His rejoinder served me right, as he said exactly what I had been thinking: “Oh, I love Dylan’s version, but that cover changes it out of all recognition. I hate it.” My attempt to impress had completely backfired on me, making me look like a tasteless idiot. Why, oh why, hadn’t I had the self-confidence to say what I actually thought?

I’d like to be able to say that I have learned to trust my inner voice, that these early experiences taught me to tell the truth about my responses to art and life. But of course they didn’t. These inauthentic performances continued into my adult life. Did they ever serve me well? I don’t think so.

Tell Me Another (Contents to Date)

Chronological Table of Contents

  1. Your openness and honesty is so refreshing Josna. Just a joy to read. When you said that our identity slowly evolves out of our mistakes, I also thought about the developmental stages of our lives and how that influences the way we hear that inner voice. I think we often put expectations on people’s identity without any reference to these stages and that is certainly not helpful. In fact it can be downright insensitive to where people are in their lives. Thanks again, Josna.

    Liked by 1 person

    • Thank you, Don (and it’s good to hear from you again after your break). As you often do, you’ve given me a new perspective on the story. What you wrote about our expectations of others reminds me of a time when I shared a group household with a young woman I found intensely irritating. After a time I realized that a large part of my irritation stemmed from my seeing my younger self in her. But even as she engaged in behavior that I found terribly immature (and which, if truth be told, I was still wrestling with myself), I found myself surprised by her deep insights–into novels and situations–even if she wasn’t willing or able to act on them at the time.

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      • I can really identify with this Josna. Thank you. I believe that sometimes it’s the ones who irritate us most that are our best allies in understanding ourselves, and especially the darkness that lurks just below our “respectable” lives. I had a similar problem with someone I worked with once. It was an extremely trying time for me and the other person, but I remember it as one of those stand-out moments in the journey of coming to know and understand myself.Wonderful comment.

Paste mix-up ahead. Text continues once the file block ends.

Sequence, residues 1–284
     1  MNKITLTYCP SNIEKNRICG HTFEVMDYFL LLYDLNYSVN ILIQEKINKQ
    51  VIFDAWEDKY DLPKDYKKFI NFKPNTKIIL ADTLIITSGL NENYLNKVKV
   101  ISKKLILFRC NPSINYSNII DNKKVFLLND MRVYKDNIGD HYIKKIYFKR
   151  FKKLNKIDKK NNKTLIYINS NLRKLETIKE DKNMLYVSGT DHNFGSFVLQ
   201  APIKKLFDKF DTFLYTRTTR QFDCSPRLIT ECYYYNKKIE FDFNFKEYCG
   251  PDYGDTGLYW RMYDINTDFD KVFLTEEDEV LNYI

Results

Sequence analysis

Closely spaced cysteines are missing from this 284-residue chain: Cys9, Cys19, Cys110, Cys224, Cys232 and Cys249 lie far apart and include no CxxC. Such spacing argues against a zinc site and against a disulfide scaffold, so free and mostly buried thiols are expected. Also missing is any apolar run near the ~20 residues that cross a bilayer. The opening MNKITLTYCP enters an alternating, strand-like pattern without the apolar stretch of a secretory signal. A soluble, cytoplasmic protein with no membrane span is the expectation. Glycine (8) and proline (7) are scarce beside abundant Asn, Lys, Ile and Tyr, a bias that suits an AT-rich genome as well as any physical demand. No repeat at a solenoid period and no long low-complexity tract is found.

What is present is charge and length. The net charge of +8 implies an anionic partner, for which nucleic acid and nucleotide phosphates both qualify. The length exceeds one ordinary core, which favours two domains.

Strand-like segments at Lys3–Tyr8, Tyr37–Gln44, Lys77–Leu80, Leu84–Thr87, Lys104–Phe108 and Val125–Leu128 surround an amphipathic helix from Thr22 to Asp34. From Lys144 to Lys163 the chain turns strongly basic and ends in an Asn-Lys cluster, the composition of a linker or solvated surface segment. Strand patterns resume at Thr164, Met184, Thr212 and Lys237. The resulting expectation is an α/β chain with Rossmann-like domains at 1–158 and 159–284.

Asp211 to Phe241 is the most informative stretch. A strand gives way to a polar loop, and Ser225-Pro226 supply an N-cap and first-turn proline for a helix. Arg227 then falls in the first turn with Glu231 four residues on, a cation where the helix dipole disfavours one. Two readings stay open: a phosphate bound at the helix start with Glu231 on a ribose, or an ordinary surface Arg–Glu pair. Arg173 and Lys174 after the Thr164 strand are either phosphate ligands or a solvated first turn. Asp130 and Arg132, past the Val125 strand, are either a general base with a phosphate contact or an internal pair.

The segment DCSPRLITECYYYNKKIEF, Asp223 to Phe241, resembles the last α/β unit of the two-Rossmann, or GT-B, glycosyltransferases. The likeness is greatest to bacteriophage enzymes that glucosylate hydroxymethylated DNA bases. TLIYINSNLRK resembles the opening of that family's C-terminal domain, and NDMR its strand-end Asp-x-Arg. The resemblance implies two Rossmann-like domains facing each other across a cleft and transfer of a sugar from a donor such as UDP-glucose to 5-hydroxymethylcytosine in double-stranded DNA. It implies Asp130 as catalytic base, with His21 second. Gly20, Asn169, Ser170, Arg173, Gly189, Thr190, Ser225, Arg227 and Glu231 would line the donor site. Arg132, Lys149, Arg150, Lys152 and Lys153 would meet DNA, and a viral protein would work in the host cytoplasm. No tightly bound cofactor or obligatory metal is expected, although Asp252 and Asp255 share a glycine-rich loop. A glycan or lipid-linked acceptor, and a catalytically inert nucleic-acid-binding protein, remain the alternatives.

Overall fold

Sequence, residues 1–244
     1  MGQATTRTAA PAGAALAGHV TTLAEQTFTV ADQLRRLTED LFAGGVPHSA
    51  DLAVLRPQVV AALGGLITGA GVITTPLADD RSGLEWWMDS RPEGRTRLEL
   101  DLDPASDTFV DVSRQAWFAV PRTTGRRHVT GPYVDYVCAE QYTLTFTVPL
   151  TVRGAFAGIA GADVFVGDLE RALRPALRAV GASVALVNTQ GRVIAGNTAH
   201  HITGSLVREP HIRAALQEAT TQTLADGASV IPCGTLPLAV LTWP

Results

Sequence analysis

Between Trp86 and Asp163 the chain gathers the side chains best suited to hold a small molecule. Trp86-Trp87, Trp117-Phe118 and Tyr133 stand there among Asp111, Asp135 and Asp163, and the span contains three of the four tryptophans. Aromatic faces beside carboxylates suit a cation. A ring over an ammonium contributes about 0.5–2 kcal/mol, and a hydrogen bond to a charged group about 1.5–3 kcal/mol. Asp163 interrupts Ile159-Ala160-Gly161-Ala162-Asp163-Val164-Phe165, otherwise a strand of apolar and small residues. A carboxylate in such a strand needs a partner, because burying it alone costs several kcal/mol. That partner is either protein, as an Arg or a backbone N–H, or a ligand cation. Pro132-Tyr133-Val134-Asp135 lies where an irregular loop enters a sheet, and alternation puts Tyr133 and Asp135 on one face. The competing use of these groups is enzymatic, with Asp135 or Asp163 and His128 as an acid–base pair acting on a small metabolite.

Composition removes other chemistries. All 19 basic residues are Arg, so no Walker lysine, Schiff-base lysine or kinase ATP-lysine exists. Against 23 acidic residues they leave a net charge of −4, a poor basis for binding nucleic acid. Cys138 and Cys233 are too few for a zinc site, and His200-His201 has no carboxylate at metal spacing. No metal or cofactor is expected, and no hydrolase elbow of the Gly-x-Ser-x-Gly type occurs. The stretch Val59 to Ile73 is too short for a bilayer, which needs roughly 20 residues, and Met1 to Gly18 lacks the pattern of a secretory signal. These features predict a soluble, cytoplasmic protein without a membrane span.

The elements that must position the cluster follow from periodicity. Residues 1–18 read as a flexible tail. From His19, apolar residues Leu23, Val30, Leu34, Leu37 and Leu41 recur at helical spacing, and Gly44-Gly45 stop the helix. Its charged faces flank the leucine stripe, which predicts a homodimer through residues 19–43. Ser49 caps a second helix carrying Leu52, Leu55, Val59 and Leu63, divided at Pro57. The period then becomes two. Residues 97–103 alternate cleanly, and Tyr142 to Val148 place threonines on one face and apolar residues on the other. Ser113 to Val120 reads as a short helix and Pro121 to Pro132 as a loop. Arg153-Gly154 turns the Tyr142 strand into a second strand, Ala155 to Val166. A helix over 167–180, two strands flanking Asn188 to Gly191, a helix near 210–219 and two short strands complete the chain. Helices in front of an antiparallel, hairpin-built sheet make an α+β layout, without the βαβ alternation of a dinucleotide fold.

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  2. I have to say, Jo that your true,delightful and authentic self is normally there whenever I am around and I agree that it is always much more satisfying to try to be true to yourself rather than some imagined portrayal of another personality.
    Steven taught me a long time ago that what other people think of me is none of my business. I confess that it took me a while for that to sink in.

    Liked by 1 person

  3. Love this one. Thank you for sharing so honestly. This bit comes to mind,

    Taken from, in my opinion, the most shining paragraph of Dostoyevsky’s The Brothers Karamazov: “Above all, avoid falsehood, every kind of falsehood, especially falseness to yourself. Watch over your own deceitfulness and look into it every hour, every minute. Avoid being scornful, both to others and to yourself. What seems to you bad within you will grow purer from the very fact of your observing it in yourself.”

    It’s comforts my heart to read that – I’ve spent a lot of energy scorning myself for things I’ve said in a nervous effort to impress or “be seen.” What’s funny about that (ha-ha), is that the person I’m exhibiting isn’t actually me! What a trip. Humans…